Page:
E-wallet which is also known as the digital wallet is an online device which allows you make online transactions. With the help of e-wallets, you can do a lot of things like money transfer, payment of utility bills, online shopping, booking tickets and so on.
While digital wallets are very useful and used by a lot of people, it has also become one of the tools for fraudsters to carry out frauds. A lot of people have lost lakhs of rupees to e-wallet fraud.
Recently, a doctor from Mumbai lost Rs 17 Lakh to the e-wallet fraud. He was duped by fraudsters on the pretext of linking his bank accounts to popular e-wallets.
Recently, a 69-year-old doctor from Mumbai received a call from a person who introduced himself as an executive from an e-wallet operator. The executive informed the doctor that he would help him link his account to the e-wallet, so that he could avail multiple benefits. Believing this to be true, the doctor shared his bank details when he was still on call.
As soon as the victim shared his bank details, he started receiving OTPs on his mobile number. The victim's mobile number was linked to his bank account, his daughter’s bank account and his son’s bank account, who resides in the US.
As he was getting a lot of OTP's he believed that something was wrong and changed the password of his net banking account. He stopped receiving OTPs after he changed his password. But, after some time, he again started receiving OTPs. So he contacted his bank and got the net banking account blocked.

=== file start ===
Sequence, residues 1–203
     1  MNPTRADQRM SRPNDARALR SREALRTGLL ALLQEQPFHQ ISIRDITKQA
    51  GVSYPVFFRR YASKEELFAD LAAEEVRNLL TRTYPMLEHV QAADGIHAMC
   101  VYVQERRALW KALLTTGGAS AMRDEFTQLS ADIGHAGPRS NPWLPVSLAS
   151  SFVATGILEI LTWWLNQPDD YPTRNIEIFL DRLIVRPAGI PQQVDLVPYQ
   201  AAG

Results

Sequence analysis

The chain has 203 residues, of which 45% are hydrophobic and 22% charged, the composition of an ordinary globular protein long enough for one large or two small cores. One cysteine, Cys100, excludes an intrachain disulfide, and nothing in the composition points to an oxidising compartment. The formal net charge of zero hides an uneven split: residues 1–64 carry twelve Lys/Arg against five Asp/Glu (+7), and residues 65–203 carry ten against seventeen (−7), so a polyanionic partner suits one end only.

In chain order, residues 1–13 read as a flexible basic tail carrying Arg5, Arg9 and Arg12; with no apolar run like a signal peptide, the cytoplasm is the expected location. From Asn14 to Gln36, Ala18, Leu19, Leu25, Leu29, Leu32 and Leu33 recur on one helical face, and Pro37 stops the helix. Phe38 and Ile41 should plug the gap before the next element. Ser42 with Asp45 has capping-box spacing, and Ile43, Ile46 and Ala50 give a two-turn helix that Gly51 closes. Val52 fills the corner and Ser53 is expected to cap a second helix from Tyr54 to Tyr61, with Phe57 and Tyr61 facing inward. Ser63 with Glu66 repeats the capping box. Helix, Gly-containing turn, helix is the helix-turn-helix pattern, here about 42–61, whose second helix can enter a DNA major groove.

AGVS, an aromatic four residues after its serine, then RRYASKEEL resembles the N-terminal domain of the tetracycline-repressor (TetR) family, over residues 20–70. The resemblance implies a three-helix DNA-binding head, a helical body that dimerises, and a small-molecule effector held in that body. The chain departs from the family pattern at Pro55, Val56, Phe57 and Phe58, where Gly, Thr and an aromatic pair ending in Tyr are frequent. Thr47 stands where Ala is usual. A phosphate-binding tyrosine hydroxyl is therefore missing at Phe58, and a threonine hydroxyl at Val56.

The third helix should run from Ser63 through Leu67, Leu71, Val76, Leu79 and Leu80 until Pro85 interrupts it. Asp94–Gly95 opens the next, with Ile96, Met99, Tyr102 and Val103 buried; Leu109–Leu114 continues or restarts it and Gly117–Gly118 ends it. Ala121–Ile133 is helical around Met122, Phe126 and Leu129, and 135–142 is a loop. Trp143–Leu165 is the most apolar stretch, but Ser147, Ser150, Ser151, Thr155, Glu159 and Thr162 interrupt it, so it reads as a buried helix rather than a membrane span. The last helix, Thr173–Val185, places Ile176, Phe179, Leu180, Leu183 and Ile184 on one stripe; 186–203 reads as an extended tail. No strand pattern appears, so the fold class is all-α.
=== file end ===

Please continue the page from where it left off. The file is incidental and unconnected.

A few days after this incident, when the doctor was checking the online status of a cheque deposited for clearing, he was shocked to know that fraudsters had transferred money from his son’s and daughter’s bank accounts. Fraudsters totally transferred Rs 16.90 Lakhs from two bank accounts to some other bank accounts.
He immediately informed the bank on this fraud and filed a police complaint. Police have registered a case under sections 419 (cheating by impersonation), 420 (cheating) of Indian Penal Code and 66C (identity theft) and 66D (cheating by impersonation by using the computer resource) of Information Technology Act against the unknown suspect.
The police are verifying how exactly the crime was committed without the victim sharing the OTP.
1. Never share your personal banking details with anyone over the phone. No banks or digital wallet companies will call, asking for your details like card number, CVV, OTP, and other sensitive details. Kindly, disconnect the call if you are asked to provide this information.
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